Robert Kiyosaki's 1997 book "Rich Dad Poor Dad" suggests that we all "mind our own business". He's clear in stating that your "business" isn't your place of employment, but rather what you do to make money. Are you an author, podcaster, weekend lawnmower, investor, or something else? Figure out what topics interest you, and start thinking about how you can deliver unique value in those spaces. Note that non-profit or charity work qualifies as a "business" too, so long as you aren't someone else's employee while you do it.

John Sonmez gives similar advice, albeit less controversially. In his 2014 book "Soft Skills: The Software Developer's Life Manual", Sonmez encourages readers to start a blog, explore investing in financial instruments like stocks and bonds, consider real estate investing, investigate online training opportunities, writing books, and more. Real estate notwithstanding, none of these actions require large capital investments. Even as a highly technical consultant, Sonmez had the foresight to play the long game from a young age.

Last, consider the wisdom of Alan Weiss from his 2016 book "Million Dollar Consulting", 5th edition. He claims that consultants are not in the consulting business, but rather, the marketing business. Anyone who fails to sufficiently market themselves, especially when delivering on existing client obligations, is "stupid" in his words. Don't just blindly parrot motivational quotations you like. Don't differentiate by being different, but rather, by building your "vault" of products or services that only you can offer. If you don't have unique skills yet, offer commodity services while you plot your next move. Weiss offered resume assessments for $20 in his early days ... now look at him.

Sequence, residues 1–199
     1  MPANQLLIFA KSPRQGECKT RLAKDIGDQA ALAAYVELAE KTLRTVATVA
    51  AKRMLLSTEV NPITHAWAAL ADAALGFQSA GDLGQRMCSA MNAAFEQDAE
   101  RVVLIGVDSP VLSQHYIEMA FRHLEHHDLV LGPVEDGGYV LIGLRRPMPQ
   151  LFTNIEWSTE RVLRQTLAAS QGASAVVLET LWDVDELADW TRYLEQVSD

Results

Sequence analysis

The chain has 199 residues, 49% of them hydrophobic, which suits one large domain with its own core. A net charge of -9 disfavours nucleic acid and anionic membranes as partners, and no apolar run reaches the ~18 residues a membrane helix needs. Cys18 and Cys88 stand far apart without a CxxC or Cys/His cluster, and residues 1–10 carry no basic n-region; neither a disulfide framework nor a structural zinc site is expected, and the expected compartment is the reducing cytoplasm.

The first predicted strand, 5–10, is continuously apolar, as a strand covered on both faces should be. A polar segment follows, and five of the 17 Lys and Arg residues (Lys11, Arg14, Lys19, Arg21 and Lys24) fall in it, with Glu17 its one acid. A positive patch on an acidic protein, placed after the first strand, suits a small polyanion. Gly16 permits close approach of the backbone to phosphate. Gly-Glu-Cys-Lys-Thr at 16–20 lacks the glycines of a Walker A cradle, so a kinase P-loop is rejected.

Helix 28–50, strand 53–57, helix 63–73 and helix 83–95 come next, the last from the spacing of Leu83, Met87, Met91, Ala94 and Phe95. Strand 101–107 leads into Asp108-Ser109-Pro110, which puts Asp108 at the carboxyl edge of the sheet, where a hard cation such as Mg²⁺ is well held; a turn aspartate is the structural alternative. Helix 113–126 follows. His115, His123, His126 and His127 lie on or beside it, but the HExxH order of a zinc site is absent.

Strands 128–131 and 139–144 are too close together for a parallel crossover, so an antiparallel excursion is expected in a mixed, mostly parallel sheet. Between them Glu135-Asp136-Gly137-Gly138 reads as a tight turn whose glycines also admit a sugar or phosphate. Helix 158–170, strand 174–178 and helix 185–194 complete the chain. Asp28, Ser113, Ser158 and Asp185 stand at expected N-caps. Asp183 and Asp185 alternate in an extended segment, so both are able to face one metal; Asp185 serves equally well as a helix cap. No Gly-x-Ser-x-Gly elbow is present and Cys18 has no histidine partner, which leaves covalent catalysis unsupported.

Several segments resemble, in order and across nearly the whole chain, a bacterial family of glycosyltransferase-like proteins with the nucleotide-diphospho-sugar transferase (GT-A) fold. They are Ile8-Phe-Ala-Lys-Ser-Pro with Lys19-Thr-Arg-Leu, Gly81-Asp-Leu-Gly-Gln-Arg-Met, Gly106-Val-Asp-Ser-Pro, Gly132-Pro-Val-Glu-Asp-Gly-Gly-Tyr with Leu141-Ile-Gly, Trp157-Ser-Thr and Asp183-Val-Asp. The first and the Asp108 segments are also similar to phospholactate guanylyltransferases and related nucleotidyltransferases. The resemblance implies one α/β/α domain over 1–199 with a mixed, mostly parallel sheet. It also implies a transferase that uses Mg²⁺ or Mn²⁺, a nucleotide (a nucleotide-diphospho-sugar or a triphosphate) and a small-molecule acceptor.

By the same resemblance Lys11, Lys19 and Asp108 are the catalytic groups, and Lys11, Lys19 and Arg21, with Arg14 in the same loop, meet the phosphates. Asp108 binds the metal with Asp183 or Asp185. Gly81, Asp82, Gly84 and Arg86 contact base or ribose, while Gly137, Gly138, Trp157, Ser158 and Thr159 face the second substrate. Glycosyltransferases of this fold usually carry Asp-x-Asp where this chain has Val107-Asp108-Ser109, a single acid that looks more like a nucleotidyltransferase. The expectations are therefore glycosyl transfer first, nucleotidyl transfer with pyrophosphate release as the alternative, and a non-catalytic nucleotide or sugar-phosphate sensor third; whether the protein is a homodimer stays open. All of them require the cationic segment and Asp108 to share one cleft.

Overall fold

Whether you like the work of Kiyosaki, Sonmez, and Weiss is irrelevant. I happen to like all three and appreciate their unique perspectives, even if I don't agree with everything they have to say. Their points about taking control of your own future and positioning your unique value to prospects are excellent and should be universally acknowledged, accepted, and implemented. Neither Kiyosaki, nor Sonmez, nor Weiss recommend quitting your day job right now because you have a good idea. Start building your "business" with something relevant to your industry. Make sure its both attainable and sustainable for you and your family.

All quotations reprinted with permission. Original author copyrights reserved.

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